The German international carrier said severe imbalances - such as with exports from Asia, but also owing to congestion in ports and delays in hinterland transports - are causing containers to be tied up in transit for considerably longer periods of time, reports London's Container Management.
Rolf Habben Jansen, CEO of Hapag-Lloyd, said: 'Demand continues to be very high, and the supply of container equipment is currently one of our industry's biggest challenges and demands our full attention.
'To counteract the shortage - but, most importantly, to offer our customers a better service - we have repeatedly invested in our container fleet since beginning of the pandemic.'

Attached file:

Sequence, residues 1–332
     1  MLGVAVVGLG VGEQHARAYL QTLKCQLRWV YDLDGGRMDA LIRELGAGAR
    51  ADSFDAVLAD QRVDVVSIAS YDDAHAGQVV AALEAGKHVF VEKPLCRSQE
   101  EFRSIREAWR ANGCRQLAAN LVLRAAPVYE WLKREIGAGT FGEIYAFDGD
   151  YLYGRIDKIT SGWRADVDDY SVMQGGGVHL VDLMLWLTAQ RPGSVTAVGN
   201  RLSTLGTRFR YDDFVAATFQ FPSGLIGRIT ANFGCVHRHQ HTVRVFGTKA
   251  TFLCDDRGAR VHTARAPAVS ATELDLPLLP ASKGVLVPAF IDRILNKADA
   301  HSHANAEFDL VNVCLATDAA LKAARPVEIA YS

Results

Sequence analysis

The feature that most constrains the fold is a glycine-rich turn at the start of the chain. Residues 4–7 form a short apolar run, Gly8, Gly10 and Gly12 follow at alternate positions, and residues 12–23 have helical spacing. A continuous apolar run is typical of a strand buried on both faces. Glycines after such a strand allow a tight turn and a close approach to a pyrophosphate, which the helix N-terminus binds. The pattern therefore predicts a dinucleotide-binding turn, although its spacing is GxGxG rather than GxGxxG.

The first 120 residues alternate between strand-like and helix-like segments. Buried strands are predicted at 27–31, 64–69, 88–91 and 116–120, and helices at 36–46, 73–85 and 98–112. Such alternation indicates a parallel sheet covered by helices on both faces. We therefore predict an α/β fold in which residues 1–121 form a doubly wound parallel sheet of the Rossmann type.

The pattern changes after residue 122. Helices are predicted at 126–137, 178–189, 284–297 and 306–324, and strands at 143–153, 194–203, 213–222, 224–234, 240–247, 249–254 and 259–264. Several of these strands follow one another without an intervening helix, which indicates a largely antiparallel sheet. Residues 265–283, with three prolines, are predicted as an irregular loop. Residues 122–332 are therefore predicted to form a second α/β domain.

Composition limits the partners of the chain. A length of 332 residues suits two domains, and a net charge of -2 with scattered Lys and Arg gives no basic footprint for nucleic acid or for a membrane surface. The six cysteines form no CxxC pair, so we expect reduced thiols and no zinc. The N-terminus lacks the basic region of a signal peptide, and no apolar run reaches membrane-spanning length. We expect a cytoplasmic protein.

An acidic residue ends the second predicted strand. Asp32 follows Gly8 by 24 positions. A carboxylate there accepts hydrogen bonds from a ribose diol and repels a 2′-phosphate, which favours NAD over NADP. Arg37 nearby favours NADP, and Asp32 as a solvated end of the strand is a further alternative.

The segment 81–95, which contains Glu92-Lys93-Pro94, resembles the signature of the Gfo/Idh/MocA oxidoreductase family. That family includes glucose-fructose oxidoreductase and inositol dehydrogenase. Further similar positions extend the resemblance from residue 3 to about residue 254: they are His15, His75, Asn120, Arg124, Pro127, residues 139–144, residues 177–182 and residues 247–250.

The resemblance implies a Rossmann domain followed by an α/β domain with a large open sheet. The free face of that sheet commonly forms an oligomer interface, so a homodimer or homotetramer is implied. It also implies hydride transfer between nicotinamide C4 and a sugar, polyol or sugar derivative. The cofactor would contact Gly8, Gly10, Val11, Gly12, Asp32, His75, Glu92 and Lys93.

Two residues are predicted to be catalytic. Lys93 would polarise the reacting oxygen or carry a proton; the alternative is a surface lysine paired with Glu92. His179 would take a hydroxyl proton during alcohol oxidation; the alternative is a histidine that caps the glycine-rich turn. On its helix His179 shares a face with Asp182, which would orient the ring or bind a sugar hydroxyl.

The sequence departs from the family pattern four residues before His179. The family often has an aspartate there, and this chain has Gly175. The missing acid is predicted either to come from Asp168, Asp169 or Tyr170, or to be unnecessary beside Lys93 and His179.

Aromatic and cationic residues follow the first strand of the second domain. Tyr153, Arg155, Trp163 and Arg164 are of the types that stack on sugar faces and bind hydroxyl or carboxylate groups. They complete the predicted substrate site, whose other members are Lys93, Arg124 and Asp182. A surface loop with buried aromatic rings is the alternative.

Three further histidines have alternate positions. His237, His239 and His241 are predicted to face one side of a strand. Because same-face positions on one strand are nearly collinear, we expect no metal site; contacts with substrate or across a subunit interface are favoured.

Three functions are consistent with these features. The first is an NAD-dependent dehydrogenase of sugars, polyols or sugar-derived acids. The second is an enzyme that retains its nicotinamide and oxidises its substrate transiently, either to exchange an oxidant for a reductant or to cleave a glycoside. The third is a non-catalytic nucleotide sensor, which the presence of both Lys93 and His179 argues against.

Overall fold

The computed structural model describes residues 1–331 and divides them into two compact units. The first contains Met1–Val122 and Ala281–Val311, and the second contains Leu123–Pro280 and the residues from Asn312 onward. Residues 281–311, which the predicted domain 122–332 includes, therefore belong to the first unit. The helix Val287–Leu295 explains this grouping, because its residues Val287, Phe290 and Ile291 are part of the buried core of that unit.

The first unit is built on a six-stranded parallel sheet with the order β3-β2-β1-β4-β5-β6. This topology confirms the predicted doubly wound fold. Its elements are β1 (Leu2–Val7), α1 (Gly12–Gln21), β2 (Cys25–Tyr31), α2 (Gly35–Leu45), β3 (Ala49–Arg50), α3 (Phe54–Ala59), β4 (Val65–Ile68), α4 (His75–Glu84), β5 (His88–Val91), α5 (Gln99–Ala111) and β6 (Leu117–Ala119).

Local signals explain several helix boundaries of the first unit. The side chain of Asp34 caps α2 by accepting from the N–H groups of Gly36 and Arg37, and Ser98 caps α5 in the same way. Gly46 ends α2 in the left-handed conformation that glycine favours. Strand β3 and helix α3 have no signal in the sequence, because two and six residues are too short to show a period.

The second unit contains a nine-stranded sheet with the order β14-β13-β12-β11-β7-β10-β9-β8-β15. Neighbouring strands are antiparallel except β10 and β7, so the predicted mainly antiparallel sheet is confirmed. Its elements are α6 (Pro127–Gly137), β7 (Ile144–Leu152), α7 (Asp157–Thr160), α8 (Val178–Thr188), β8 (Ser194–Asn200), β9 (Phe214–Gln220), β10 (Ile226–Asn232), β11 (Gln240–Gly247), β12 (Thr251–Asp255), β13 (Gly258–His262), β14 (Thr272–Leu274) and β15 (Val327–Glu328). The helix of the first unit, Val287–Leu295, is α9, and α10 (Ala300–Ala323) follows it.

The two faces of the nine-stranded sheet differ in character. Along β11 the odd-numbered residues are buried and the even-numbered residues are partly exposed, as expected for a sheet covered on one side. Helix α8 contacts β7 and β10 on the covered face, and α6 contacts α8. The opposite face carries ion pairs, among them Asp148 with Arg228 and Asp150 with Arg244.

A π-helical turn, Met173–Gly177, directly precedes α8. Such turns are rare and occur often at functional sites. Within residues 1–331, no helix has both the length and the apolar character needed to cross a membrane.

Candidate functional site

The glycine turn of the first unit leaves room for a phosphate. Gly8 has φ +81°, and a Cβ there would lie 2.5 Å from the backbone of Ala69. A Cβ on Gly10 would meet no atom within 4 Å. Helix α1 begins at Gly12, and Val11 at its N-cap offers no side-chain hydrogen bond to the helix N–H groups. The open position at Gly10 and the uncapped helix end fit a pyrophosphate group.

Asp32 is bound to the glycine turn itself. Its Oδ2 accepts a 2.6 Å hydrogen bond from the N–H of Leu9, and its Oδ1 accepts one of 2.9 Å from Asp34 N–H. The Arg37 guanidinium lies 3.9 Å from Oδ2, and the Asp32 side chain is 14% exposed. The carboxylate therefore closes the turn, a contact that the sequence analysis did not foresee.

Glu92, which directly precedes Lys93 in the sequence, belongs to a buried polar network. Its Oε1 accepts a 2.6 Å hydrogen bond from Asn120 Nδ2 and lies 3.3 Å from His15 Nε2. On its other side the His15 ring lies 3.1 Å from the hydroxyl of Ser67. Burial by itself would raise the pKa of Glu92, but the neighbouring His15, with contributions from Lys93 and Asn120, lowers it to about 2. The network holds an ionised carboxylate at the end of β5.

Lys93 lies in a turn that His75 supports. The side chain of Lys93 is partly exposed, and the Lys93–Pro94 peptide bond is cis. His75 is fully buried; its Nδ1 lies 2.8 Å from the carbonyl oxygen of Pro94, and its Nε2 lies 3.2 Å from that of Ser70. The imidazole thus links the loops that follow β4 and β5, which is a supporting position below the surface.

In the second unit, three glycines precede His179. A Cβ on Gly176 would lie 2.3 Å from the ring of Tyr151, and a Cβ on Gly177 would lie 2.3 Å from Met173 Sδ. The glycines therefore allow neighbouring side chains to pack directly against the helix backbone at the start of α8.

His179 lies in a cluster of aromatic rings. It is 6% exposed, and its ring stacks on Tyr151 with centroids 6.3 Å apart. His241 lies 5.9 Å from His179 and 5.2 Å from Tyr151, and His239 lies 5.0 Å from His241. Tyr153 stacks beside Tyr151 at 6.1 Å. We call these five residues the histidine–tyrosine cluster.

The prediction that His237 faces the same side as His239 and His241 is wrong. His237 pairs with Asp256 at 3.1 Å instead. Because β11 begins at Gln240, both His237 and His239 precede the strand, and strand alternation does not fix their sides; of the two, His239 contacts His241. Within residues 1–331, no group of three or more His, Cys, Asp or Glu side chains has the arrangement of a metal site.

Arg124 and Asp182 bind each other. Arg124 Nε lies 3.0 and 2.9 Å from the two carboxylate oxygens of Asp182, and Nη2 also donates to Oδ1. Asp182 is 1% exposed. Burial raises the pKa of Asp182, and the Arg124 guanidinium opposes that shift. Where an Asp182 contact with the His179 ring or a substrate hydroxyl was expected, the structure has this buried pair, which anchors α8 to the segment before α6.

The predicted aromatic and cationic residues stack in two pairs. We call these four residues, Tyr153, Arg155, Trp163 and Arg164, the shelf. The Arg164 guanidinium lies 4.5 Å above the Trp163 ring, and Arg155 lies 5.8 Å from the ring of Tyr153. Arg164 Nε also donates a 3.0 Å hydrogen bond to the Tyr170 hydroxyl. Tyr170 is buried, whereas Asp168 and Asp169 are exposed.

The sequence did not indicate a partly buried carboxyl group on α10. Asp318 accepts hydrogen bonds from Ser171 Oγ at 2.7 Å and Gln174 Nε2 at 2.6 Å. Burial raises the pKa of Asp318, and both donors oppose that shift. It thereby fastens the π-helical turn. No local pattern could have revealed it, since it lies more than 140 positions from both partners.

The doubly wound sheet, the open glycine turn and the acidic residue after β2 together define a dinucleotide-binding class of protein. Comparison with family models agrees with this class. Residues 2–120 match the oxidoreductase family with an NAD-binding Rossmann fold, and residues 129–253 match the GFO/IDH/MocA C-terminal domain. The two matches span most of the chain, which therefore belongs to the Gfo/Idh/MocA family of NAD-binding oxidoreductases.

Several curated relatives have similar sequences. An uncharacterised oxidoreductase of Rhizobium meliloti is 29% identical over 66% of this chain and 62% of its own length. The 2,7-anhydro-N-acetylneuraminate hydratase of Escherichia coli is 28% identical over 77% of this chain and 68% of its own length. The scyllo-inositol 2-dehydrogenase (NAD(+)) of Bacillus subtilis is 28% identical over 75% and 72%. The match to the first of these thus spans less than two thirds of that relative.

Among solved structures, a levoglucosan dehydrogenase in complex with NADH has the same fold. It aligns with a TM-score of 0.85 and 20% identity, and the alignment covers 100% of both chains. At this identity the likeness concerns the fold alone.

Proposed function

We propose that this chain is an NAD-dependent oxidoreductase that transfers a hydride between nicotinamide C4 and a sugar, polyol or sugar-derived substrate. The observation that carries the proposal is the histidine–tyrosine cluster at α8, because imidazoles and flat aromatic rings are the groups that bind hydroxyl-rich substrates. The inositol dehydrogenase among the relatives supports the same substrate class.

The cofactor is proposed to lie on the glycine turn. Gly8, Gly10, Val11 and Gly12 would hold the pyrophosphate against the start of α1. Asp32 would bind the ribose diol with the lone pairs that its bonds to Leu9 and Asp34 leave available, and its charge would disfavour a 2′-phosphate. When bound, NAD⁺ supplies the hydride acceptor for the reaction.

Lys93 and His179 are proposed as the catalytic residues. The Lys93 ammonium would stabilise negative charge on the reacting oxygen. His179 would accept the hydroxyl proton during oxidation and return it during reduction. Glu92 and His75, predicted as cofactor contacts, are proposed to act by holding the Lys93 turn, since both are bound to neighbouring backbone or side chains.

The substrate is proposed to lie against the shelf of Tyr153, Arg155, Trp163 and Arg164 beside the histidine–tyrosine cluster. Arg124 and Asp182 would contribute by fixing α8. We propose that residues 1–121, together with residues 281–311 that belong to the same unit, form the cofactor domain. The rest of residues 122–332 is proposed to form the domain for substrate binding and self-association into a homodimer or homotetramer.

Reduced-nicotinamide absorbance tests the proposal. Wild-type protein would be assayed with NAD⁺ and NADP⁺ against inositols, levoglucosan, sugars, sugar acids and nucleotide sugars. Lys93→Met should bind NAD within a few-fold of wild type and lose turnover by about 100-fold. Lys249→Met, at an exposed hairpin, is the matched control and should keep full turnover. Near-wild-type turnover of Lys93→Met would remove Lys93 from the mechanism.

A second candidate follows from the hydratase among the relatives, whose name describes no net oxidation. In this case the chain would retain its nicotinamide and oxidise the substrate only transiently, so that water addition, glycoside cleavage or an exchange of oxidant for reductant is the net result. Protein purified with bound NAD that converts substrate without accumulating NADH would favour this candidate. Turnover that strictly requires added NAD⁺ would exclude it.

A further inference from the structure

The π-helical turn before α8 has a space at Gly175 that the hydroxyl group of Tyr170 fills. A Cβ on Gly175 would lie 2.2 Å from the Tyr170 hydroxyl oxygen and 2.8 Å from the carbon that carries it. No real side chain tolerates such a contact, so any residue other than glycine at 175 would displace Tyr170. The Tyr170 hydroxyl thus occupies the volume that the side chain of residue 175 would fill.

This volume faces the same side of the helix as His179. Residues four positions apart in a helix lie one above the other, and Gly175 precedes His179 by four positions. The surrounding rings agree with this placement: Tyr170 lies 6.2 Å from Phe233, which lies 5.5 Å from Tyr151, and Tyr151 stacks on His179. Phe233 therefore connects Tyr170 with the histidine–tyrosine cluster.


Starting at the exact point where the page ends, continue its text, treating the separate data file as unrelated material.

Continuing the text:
The first boxes of the additional 60,000 TEU from China will supplement those currently being produced and are scheduled to be delivered to Hapag-Lloyd as early as July and integrated into the existing fleet.
The majority of the standard containers will be subsequently delivered in the first quarter.
In April this year, Hapag-Lloyd announced orders for a total of around 150,000 TEU of standard and reefer containers to be delivered over the course of 2021.
The new order has increased investment into its container fleet to 210,000 TEU in total - adding onto investments made at the start of the pandemic.